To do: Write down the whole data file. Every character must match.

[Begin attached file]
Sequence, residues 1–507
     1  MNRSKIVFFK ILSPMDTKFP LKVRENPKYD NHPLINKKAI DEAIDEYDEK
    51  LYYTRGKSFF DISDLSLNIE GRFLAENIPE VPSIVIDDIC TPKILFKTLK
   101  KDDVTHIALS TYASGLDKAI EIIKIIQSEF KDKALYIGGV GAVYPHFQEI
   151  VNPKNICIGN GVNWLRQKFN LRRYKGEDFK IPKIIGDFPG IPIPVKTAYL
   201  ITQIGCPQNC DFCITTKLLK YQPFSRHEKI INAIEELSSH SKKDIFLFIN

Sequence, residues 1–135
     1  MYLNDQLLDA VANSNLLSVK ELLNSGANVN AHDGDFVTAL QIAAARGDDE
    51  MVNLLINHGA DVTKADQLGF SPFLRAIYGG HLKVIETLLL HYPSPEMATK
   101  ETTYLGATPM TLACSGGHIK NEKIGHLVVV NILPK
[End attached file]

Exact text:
Sequence, residues 1–507
     1  MNRSKIVFFK ILSPMDTKFP LKVRENPKYD NHPLINKKAI DEAIDEYDEK
    51  LYYTRGKSFF DISDLSLNIE GRFLAENIPE VPSIVIDDIC TPKILFKTLK
   101  KDDVTHIALS TYASGLDKAI EIIKIIQSEF KDKALYIGGV GAVYPHFQEI
   151  VNPKNICIGN GVNWLRQKFN LRRYKGEDFK IPKIIGDFPG IPIPVKTAYL
   201  ITQIGCPQNC DFCITTKLLK YQPFSRHEKI INAIEELSSH SKKDIFLFIN

Sequence, residues 1–135
     1  MYLNDQLLDA VANSNLLSVK ELLNSGANVN AHDGDFVTAL QIAAARGDDE
    51  MVNLLINHGA DVTKADQLGF SPFLRAIYGG HLKVIETLLL HYPSPEMATK
   101  ETTYLGATPM TLACSGGHIK NEKIGHLVVV NILPK